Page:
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When we create a CustomException by extending Exception class it is checked by compiler, but even though RuntimeExceptions extend Exception class are they not checked by the compiler.

How is this established in the compiler. I found a section in JLS stating why.

Why Runtime Exceptions are Not Checked
The runtime exception classes (RuntimeException and its subclasses) are exempted from compile-time checking because, in the judgment of the designers of the Java programming language, having to declare such exceptions would not aid significantly in establishing the correctness of programs. Many of the operations and constructs of the Java programming language can result in runtime exceptions. The information available to a compiler, and the level of analysis the compiler performs, are usually not sufficient to establish that such run-time exceptions cannot occur, even though this may be obvious to the programmer. Requiring such exception classes to be declared would simply be an irritation to programmers.

Is there something happens behind the scenes like in the case of marker interfaces.

I am looking for some source that can explain how it is done and also why there is no parent class for all checked exceptions?

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up vote 2 down vote accepted

Is there something happens behind the scenes like in the case of marker interfaces.

The fact that RuntimeException is exempted from the rule that all subclasses of Exception are checked exceptions is simply part of the spec.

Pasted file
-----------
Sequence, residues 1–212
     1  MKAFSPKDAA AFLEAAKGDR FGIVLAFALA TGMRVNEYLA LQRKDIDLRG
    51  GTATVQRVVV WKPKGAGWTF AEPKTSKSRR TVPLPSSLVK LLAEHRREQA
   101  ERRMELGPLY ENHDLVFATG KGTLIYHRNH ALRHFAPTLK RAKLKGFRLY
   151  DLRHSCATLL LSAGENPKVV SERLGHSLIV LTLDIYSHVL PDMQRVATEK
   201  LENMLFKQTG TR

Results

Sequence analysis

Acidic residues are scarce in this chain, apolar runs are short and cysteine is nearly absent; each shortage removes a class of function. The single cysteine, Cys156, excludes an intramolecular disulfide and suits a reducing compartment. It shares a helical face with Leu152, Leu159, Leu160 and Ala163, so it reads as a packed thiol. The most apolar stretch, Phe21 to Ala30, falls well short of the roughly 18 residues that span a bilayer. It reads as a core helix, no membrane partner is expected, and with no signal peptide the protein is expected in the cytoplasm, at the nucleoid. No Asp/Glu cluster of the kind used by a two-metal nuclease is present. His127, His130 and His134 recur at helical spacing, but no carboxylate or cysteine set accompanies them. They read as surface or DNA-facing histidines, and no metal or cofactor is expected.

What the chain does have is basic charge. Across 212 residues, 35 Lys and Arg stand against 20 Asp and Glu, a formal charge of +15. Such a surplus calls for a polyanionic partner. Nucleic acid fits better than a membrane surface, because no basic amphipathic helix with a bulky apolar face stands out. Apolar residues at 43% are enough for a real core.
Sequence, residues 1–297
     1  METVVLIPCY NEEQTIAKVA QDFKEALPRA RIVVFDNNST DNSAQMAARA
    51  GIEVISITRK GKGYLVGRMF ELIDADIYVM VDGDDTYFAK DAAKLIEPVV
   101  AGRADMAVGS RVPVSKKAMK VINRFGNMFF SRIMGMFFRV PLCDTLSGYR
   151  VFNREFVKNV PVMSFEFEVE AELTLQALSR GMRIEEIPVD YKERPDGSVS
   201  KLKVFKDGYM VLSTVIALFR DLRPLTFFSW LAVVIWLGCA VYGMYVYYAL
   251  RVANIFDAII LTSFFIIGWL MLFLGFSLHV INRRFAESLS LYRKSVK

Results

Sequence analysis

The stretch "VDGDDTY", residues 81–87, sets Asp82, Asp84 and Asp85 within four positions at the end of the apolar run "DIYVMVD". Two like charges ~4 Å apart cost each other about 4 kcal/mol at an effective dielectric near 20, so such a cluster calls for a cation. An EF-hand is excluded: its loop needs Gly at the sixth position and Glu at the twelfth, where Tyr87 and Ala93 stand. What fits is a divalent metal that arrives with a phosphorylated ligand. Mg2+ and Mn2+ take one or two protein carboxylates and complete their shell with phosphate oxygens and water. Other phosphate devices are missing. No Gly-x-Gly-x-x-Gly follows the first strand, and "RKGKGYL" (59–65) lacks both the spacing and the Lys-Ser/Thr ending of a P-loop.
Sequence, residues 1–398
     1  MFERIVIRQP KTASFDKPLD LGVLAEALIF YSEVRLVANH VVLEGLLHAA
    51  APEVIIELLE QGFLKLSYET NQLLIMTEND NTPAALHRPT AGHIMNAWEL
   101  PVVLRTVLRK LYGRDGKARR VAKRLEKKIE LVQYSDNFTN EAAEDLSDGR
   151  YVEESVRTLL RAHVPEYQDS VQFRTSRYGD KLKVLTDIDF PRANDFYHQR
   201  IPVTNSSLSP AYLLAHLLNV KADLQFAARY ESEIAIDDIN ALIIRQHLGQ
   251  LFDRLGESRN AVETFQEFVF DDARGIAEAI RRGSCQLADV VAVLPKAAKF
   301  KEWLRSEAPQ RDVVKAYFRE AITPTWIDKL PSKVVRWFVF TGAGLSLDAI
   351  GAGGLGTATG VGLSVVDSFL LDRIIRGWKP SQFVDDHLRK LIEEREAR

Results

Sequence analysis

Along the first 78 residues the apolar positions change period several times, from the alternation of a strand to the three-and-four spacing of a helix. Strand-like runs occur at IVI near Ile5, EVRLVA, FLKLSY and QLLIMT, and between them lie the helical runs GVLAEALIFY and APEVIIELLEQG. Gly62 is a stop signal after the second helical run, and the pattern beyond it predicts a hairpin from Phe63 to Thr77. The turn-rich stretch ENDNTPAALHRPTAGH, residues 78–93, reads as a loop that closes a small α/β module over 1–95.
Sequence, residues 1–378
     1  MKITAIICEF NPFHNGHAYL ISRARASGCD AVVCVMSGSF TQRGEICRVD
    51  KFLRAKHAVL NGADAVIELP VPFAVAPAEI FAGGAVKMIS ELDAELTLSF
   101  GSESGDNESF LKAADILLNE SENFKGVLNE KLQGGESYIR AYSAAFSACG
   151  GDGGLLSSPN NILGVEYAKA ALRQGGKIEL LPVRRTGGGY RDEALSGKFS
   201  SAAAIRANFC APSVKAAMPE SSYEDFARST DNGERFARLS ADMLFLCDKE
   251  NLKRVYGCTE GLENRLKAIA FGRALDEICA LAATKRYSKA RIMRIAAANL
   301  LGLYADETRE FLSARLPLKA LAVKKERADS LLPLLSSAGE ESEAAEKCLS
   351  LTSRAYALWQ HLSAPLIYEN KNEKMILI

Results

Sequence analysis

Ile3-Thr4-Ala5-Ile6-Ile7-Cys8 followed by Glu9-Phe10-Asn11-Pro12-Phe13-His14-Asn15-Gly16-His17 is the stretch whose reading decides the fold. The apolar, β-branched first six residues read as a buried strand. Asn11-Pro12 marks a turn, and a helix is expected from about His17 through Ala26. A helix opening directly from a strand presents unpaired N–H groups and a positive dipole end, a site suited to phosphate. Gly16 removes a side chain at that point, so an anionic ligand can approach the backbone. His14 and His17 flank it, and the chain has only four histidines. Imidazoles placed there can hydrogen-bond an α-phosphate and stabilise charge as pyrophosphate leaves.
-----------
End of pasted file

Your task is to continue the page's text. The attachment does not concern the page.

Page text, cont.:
How this exception to the rule is implemented is compiler dependent.

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As this is a compile time check, it would be compiler dependent rather than JVM dependent I suppose. – assylias Jul 17 '12 at 14:30
that's a very good point. answer updated. – aioobe Jul 17 '12 at 14:30

The compiler checks all Throwable sub-classes except sub-classes of Error and RuntimeException. It just checks whether the Throwable is a sub-class of these classes.

Note: you can have a sub-class of Throwable which is not an Error or an Exception and it will be checked.

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At any point in time, someone can enter zero into your program. If you ever divide, that could result in a divide by zero error, which will throw a RuntimeExcpetion called ArithmeticException.

Now if you needed to include try / catch blocks around all of your division statements, the code would be cluttered with error handling that detracted from the readability of the main purpose of the code, which might be anything (but probably isn't about catching divide by zero errors).

Java either had the choice to strike a balance between readability and robustness, or to allow robustness in all cases with some "assumptions" that enhanced readability. In other words, when the Java language was being laid out, a decision to balance readability with robustness would look like a decision between polluting user written source code with a need to capture ArithmeticExcpetions around any division operation. The alternative, which is to always ensure robustness, but make certain kinds of Exceptions not subject to required capture, ensures program robustness without an impact on source code readability (at the cost of knowing that the language is slightly more complex because it has two categories of Exceptions).

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